We stand at the top of the John Hancock building in Chicago, stare down at the toy cars moving along Lake Shore Drive. It’s a Lego city with matchbox cars and pretend water from the bathtub. There’s a Barbie swimming pool on the top of a Lego building (do you see it there in the corner?) and I stand there knowing it’s real but feeling oddly like a giant person. I’m Godzilla and the city is pretend and any moment I will take a step and squash it all. Watch me lift my foot! But when I do, I lose my balance and step far away from the window because I’m not Godzilla and the building I stand in is real and I took the 45 second elevator ride to the top that proves it.

The city takes my breath away. I know it’s all concrete and right angles and gray and brown and processed. But maybe that’s the amazing part in a way. People made this, made these buildings to touch the sky. And here I stand, in midair, looking down at all those people, all those cars holding all those people with all their stories. They all have stories, don’t they?

My girl is nervous in the city – the sirens, the horns, the bustling across busy streets, all those revolving doors. Nothing stays still long enough for her to figure it out. Each time we enter an elevator she grabs us all for fear we’ll be crushed by the doors. I watch her as we enter the hotel, relief lowers her shoulders. She needs space for her soul to breathe and she can’t find it in the city. She’s glad we’re only visiting.

I marvel at my fascination with the whole thing. I’m an introvert wearing extrovert’s skin. I smile here, feel the pulse, settle in to the pace. I come alive with the movement, the lights, the color. Things are happening here. Opportunities feel touchable here. But possibility can talk the ears off a billy goat, so after a few days, I want to crawl under the bed and hide. I want to cradle my head in my hands and breathe the quiet in deep all the way to my fingertips.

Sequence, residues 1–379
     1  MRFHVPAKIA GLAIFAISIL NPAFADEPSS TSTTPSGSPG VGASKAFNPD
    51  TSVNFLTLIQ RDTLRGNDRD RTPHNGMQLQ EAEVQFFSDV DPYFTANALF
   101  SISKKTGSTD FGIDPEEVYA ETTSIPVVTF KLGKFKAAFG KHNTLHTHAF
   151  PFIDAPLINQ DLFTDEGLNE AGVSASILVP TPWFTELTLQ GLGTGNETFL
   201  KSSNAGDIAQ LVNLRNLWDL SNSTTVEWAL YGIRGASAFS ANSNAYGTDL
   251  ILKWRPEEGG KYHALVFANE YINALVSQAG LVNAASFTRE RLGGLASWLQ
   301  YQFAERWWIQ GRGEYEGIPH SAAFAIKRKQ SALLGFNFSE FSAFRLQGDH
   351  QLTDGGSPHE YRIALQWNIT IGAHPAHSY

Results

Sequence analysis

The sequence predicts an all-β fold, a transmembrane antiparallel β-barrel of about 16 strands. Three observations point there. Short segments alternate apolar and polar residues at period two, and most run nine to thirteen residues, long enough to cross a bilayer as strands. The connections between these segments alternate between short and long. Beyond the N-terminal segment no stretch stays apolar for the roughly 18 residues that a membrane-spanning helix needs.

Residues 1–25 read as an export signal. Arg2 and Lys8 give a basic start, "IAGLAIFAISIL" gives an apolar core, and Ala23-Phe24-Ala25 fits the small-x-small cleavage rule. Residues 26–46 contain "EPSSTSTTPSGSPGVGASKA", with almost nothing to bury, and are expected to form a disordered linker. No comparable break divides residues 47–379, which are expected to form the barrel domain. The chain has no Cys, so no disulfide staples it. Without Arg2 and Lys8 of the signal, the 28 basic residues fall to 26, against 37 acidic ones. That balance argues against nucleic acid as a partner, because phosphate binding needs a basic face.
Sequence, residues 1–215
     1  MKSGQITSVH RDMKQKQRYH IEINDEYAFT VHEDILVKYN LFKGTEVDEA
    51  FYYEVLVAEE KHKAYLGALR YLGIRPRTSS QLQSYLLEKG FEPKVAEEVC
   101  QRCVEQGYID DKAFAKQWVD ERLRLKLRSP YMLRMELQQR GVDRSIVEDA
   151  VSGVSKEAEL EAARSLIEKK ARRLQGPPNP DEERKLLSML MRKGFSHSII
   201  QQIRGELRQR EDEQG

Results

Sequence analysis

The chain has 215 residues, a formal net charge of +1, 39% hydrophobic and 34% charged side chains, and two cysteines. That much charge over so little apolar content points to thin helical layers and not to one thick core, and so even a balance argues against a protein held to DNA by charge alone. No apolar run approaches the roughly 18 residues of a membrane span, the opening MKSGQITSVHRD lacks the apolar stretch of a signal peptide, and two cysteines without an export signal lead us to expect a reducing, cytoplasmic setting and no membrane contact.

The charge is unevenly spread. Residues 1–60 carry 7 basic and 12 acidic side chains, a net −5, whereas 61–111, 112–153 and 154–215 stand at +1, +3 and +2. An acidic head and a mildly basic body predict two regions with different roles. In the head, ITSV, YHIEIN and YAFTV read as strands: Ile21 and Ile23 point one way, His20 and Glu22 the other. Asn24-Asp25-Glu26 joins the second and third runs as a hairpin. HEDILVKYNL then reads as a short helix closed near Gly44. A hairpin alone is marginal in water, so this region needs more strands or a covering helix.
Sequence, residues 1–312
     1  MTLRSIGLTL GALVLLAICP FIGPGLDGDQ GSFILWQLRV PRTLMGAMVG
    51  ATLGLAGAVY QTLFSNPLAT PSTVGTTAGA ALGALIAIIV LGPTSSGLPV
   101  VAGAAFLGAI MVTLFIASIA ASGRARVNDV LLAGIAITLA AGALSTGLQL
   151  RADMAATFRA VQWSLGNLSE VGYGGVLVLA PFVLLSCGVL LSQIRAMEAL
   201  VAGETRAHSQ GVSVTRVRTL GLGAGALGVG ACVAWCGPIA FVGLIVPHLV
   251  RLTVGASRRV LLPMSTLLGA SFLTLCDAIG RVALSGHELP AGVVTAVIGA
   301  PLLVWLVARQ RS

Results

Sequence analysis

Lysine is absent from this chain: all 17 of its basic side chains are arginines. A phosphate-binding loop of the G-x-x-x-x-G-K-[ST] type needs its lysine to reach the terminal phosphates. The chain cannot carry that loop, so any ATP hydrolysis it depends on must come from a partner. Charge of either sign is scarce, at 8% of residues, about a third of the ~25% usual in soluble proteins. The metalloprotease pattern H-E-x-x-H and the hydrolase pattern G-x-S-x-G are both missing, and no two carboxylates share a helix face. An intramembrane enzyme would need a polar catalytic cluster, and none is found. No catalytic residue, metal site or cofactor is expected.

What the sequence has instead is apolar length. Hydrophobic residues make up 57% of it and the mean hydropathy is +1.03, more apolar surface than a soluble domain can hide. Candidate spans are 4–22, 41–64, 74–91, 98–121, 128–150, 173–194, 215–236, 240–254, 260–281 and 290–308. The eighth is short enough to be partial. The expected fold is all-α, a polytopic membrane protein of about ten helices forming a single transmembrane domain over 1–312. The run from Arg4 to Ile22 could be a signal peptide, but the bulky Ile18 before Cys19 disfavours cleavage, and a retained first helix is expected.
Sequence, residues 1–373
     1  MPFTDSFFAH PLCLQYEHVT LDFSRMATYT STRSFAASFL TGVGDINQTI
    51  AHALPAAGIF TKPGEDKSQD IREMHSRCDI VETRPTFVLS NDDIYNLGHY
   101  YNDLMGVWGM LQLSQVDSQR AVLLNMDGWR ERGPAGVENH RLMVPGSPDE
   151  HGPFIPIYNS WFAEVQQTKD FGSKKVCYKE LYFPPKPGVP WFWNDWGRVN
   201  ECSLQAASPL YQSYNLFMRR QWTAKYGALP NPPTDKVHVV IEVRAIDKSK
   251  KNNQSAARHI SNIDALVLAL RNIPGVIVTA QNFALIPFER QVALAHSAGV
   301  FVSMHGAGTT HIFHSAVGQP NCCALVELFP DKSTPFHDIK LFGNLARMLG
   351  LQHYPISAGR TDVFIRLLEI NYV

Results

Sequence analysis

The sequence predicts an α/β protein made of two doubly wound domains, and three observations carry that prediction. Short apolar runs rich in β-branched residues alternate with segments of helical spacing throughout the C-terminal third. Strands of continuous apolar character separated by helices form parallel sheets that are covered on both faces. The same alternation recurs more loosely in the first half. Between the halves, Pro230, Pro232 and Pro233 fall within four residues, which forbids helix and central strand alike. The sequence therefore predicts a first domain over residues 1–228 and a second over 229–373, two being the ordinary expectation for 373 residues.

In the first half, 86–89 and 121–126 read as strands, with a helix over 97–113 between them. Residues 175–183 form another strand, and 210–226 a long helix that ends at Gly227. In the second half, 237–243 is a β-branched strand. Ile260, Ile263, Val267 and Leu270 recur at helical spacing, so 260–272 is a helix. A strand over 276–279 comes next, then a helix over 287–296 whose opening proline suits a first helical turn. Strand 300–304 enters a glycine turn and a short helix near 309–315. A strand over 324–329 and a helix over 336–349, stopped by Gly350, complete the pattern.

We fly away and now I stand alone, boots on sugar, January wind whips straight through the quiet. I’m not Godzilla now; I’m tiny, mini, small. I stand at the edge of the world and wonder how anyone who comes here could ever bring themselves to leave.

Because just look at that. I am microscopic, invisible. I want to fill my soul up with beauty enough to last a week, find that water blue on a paint chip and color the world Sea. The kids are back in Charlotte with Mom and my husband stands where he’s been for the last ten years – right by my side. We say nothing for a long time because what is there to say? How could I have ever felt alive in the city when there’s this? I am sand-small tiny, in awe of this beauty. I feel myself relax with the pace of this place.

Yes, that’s what it is – the pace. Pace implies rhythm, and rhythm implies movement and isn’t that what we need? I need both city-life and sea-living and all the familiar things of home that come in between. I am not all introvert quiet or all extrovert energy. I am small and big, loud and quiet, thankful. I am not just one thing, don’t fit in the corner of a box. Live in your seasons, take the breaths you need, keeps eyes wide open when you can and close them tightly when you need to. This life is a gift and the giver is God and we live full in each season as it comes.